In any season, "The Biko Inquest" would command attention, but with the current turbulence in South Africa, it is particularly -- indeed, sickeningly -- timely.

Using actual testimony, this documentary play recreates the three-week inquiry by a South African court into the ambiguous death of black activist Stephen Biko in 1977, while in the custody of the South African police. At the end, the judge absolves the police and medical officials of any wrongdoing. Viewers of the play, to be telecast tonight (at 8 p.m. on Showtime), are likely to arrive at a different conclusion.

Taped last year in Britain, the no-frills production stars Albert Finney as the Biko family's lawyer, a man who knows from the start that he cannot win the case but hopes nonetheless to focus international attention on the ruthless methods of South African police. There are no moments of high drama, no surprise revelations, no sudden outbursts. Instead, the proceedings are characterized by a lot of quiet squirming and bald equivocating, as the various participants present a curiously sanitized version of bloody events.

The preposterousness of some of their assertions would be comic were the implications not so chilling. Asked, for example, to describe his interrogation tactics, Col. Pieter Goosen, the head of the security police, talks about cultivating politeness and building up trust, but then admits, "Sometimes we use sarcasm."

Biko was arrested in August 1977 for distributing pamphlets the government found subversive, and subsequently detained for three weeks in a cell in Port Elizabeth. Clamped in leg irons and transferred to a civilian office building for interrogation, he received a severe head injury sometime between the evening of Sept. 6 and the morning of Sept. 7. Later, naked, manacled and in a semi-coma, he was tossed into the back of a Land Rover and driven 800 miles to Pretoria Prison, where he died on Sept. 12.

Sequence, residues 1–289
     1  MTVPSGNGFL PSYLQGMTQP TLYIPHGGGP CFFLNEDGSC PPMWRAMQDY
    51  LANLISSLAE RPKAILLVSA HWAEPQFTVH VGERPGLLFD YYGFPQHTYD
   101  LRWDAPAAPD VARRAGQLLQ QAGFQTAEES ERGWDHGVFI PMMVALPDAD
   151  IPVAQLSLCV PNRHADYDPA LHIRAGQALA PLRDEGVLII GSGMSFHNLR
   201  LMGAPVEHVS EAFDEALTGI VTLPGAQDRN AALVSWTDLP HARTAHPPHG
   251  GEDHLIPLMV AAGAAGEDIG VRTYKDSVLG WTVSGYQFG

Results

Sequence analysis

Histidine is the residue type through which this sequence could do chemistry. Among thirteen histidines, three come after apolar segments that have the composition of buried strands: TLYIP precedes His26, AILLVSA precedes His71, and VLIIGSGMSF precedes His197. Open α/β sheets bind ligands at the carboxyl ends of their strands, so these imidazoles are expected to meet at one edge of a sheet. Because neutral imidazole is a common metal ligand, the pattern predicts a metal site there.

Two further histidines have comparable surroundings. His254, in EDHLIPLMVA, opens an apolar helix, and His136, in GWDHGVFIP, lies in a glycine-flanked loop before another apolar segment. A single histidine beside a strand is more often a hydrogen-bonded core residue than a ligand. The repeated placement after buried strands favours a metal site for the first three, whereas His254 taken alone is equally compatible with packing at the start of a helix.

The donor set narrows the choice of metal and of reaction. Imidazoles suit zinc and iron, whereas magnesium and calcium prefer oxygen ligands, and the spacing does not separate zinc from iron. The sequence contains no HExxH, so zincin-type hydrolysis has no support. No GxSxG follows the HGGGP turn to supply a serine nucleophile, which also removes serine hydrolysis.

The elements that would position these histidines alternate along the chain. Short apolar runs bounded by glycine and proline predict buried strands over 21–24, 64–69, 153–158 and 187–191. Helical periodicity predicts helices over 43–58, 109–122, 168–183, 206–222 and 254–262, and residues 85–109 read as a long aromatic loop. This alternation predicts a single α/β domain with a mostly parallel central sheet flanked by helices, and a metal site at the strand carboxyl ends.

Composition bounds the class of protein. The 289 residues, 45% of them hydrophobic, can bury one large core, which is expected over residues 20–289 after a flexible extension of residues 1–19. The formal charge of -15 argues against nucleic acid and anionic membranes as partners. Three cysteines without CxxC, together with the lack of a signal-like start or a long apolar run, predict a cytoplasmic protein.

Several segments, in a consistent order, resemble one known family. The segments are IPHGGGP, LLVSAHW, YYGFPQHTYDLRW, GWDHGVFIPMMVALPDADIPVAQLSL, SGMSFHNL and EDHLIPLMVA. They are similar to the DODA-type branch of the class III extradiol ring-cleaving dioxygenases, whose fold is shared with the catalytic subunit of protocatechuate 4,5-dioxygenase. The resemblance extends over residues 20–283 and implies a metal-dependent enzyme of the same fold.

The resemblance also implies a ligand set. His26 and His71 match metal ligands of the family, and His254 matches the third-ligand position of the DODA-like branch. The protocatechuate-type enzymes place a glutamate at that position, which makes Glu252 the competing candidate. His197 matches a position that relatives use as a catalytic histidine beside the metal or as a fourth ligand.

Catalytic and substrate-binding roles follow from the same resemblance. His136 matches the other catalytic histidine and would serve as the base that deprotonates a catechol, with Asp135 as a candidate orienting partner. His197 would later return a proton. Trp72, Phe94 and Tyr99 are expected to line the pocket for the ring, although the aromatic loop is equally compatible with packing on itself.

The officials under investigation find nothing suspicious in any of that. The leg irons were for Biko's own protection, a precaution to prevent him from committing suicide. Biko, they maintain, could have injured himself during a "scuffle" on the morning of Sept. 7, when hurling a chair across the room, he went so "berserk" that five men were required to subdue him.

The three doctors called in to examine Biko are no less informative. At the time, their reports discounted the bruises on Biko's face, his slurred speech, his urine-soaked bed and his deadened leg and concluded there was nothing wrong with him. On the stand, they have no answers for their gross incompetence. The strongest defense anyone seems able to come up with is that Biko, a four-year medical student familiar with medical symptoms, was "shamming" a brain injury in order to escape further interrogation.

Beyond the shameful particulars of the case, what is horrifying about "The Biko Inquest" is the tone of measured rationality that the witnesses employ on the stand. It is a tone we continue to hear out of official South Africa, as if all this talk about racial inequity were so much nonsense. The reasonable air and the gentlemanly restraint are, under the circumstances, obscene.

To Finney falls the outrage, the indignation, the disbelief and the heavy irony, and he sounds the notes crisply. Everyone else in the cast underplays the emotions, just as the characters are trying to downplay the conditions of Biko's incarceration. Methinks, you will find yourself musing, they all protest too little.

"The Biko Inquest," which was edited from court transcripts by Norman Fenton and Jon Blair, was first performed off-Broadway in 1978. Seven years have not diminished its significance, which may be the biggest tragedy of all.